The Training Process

There’s a joke, or what I guess you could call a joke, about how long it takes to train a horse. It goes like:

How long does it take to train a horse?
A year longer than the horse has.

Upper level competition horses have clocked numerous hours under saddle to get where they are. In addition to numbers, there are factors of conditioning, conformation, care, aptitude, attitude, and soundness. Training isn’t simply hopping on and going for rides; it’s about the process in which you create and train athletes.

If you’ve been around horses for a little while, you’ll hear the words “training program” thrown around. Through experience, each trainer has come up with a process they like to bring along horses and/or keep them sound and going for a particular job. Some trainers are better with maintaining older, wiser athletes; others are better at bringing along young horses; some trainers are best at competing and keeping competition horses sound and going. When you’re looking for a trainer, it’s important that your goals match the experience and expertise of the trainer with whom you’re working. Happiness will not be found if your goals are outside the comfort zone or goals of the trainer with whom you’re working.

When developing a program for a horse and/or rider the aforementioned factors are incredibly important to consider. Proper conditioning takes into account that tendons and ligaments take time to strengthen and while the process can be helped along, it cannot be rushed. Rushing the process of conditioning can create sore muscles or torn tendons and ligaments. This is not to say that even in the best training program these things don’t happen, but it’s more likely to happen if a conditioning program isn’t in place. Conditioning requires varied work over different terrain and gradually increasing the level of difficulty. This process takes years, no matter how competent your trainer or how gifted your horse.

Conformation is also an important factor to consider in training a horse. If the horse’s conformation doesn’t fit the job intended, the horse will have a hard time trying to do it and will often not last very long. Conformation often goes hand-in-hand with aptitude and attitude. Aptitude being the physical and mental ability of the horse to do the job at hand. Attitude is how much they like or want to do it. Some horses, like some people, are born with great work ethics. Others are not, and many are somewhere in between. It’s important to have a varied program of work both inside and outside the arena to avoid sourness and keep the horse interested in the work. A good program will help develop a work ethic and avoid overtaxing the horse to a point of chronic soreness that may make the horse not want to or not able to work. I believe horses often pick their careers based on what they can or cannot physically or mentally do. A successful horse is one that finds it’s calling and is allowed and trained to do just that.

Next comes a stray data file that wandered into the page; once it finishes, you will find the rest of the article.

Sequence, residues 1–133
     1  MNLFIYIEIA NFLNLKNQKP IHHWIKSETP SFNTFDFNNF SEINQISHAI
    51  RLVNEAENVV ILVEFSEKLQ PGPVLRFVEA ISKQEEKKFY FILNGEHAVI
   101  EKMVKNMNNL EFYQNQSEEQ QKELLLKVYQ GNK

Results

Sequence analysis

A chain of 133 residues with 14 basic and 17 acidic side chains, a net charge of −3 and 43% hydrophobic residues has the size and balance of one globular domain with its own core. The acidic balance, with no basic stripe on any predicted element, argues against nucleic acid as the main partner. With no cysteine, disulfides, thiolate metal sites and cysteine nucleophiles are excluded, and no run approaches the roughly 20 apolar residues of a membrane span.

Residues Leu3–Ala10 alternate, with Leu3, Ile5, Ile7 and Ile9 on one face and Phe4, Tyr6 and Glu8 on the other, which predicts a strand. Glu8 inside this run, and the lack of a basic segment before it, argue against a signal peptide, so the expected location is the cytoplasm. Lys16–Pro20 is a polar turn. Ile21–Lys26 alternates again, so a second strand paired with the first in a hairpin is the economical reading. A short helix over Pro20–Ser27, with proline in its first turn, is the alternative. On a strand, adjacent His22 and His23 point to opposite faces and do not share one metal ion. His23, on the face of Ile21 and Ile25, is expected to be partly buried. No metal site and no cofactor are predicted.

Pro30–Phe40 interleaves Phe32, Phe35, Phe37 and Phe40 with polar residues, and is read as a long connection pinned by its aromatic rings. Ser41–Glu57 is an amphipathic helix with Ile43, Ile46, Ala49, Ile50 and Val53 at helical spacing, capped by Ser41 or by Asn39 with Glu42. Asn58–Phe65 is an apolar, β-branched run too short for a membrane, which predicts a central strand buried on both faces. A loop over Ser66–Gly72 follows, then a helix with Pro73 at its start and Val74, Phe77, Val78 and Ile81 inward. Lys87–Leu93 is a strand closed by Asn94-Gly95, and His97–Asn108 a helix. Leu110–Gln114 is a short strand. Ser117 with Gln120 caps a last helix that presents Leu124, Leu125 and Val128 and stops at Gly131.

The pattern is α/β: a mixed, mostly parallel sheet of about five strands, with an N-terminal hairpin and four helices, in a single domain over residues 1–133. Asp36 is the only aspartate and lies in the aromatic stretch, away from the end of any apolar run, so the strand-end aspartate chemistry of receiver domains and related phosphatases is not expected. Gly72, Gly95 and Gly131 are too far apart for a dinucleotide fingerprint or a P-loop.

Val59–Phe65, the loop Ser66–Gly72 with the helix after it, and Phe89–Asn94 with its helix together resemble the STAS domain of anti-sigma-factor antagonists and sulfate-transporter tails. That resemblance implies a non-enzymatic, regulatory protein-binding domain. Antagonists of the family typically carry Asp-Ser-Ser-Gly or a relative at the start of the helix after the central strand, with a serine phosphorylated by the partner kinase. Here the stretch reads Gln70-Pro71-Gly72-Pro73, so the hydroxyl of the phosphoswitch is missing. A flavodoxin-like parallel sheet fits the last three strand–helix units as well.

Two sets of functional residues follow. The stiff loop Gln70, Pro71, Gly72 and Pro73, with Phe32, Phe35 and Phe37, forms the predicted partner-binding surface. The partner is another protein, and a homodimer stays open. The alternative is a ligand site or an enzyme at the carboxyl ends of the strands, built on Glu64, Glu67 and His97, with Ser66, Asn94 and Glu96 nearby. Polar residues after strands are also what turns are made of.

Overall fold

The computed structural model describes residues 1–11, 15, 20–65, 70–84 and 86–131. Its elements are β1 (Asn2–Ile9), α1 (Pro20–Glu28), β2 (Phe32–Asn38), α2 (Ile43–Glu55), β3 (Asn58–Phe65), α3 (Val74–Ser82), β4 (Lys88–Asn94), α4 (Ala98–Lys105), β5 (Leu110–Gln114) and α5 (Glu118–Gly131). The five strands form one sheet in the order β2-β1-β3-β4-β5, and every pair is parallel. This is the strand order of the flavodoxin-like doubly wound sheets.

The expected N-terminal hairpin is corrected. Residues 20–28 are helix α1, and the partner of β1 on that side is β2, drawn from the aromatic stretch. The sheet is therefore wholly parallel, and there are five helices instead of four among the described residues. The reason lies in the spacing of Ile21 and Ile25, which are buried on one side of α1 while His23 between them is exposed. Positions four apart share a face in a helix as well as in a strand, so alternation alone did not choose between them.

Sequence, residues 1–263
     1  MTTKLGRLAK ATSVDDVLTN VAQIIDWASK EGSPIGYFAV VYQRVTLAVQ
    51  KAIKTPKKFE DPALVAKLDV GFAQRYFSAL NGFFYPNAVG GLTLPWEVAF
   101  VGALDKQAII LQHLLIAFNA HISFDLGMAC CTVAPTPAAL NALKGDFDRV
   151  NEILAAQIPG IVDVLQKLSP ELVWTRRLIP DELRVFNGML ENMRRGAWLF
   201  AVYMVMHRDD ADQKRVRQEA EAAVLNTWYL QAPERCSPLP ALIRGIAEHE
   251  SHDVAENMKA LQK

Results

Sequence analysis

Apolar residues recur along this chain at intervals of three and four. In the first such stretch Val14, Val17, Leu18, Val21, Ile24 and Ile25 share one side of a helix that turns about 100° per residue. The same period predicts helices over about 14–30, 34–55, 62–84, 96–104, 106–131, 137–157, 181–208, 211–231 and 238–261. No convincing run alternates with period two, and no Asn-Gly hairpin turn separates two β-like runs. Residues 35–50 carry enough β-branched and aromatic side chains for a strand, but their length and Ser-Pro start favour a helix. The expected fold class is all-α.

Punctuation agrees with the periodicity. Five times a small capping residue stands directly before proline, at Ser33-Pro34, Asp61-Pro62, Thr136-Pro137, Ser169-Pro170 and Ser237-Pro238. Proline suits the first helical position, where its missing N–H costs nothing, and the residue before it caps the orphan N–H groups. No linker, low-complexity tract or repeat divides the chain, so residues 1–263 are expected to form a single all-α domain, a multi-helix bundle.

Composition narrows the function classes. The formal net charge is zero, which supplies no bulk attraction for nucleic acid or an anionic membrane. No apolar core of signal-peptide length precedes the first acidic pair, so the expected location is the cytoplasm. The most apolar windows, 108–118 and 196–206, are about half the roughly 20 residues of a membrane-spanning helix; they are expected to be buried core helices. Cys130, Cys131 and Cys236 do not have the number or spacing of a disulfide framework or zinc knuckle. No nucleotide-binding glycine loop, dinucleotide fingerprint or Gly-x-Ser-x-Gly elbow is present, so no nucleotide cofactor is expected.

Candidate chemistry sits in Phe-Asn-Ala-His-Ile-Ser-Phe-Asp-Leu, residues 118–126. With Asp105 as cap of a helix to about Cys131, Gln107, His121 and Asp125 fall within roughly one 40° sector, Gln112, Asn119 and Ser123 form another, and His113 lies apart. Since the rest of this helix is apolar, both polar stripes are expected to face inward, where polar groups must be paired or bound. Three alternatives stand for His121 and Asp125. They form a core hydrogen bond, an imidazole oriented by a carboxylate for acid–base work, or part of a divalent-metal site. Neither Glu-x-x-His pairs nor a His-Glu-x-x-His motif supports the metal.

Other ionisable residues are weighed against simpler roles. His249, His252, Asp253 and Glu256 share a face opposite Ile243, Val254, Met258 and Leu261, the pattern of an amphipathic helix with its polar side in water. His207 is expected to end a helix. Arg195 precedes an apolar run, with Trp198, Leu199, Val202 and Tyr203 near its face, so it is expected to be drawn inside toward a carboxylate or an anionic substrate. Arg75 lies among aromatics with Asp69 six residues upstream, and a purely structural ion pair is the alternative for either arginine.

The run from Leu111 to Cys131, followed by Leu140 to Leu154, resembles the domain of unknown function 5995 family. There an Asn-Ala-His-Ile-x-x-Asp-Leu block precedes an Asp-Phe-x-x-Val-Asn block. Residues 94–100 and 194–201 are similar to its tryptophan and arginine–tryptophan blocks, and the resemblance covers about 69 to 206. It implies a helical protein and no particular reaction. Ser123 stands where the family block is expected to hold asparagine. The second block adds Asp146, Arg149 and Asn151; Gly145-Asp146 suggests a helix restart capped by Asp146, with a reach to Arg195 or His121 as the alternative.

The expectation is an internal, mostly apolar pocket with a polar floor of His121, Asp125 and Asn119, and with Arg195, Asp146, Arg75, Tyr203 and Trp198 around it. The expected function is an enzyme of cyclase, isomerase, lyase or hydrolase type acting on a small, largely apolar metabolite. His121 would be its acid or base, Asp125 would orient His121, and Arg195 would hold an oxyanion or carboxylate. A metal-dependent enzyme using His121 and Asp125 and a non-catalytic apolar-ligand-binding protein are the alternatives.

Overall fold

Care and maintenance are often as much six-sense as they are science. Knowing your horse and what feels right or “off” can be the difference between a couple days R&R and a full blown lameness. Knowing what to feed, how much of it, and when for each horse can make the difference between a healthy and happy horse and a sour, skinny mess. What works for one horse may not work for another horse. Experience, constant research, and experimentation are important when developing a good care program for a horse. Knowing when to call the vet for a colic or lameness can be the difference between having a horse and not having one.

While I work with a variety of horses from young to older, I love most working with young horses or bringing along horses. It’s a long process each time but very rewarding to see awkward young horses develop into competitive athletes. I’ve ridden young horses my entire life, partially by choice and partially by chance. They require patience, dedication, consistency, and a good sense of humor. It’s not without it’s frustrations at times, but I find it to be a very rewarding process. I also really enjoy watching riders grow with their young horses and seeing both turn into confident partners. There are so many facets to horses and training that it really does take more than a lifetime to learn everything there is to know. Each time I train a horse, I improve the process and learn something as well.

 Kiva. Top left as a foal. Top right at her first (schooling) show in March 2013. Bottom left after a conditioning gallop up a hill. Bottom right in the 1.20m in February 2015.

Kiva. Top left as a foal. Top right at her first (schooling) show in March 2013. Bottom left after a conditioning gallop up a hill. Bottom right in the 1.20m in February 2015.

 Fiora. Top is one of Fiora's first rides under saddle. Bottom is competing in the Low Hunters.

Fiora. Top is one of Fiora's first rides under saddle. Bottom is competing in the Low Hunters.

 Panda, owned by Esther, is a solid Paint/TB cross. Photo on left is right after we brought her home in Summer 2014. Photo on right is after six months of training. Notice the improved muscling through the haunches and top line and length of stride as a result.

Panda, owned by Esther, is a solid Paint/TB cross. Photo on left is right after we brought her home in Summer 2014. Photo on right is after six months of training. Notice the improved muscling through the haunches and top line and length of stride as a result.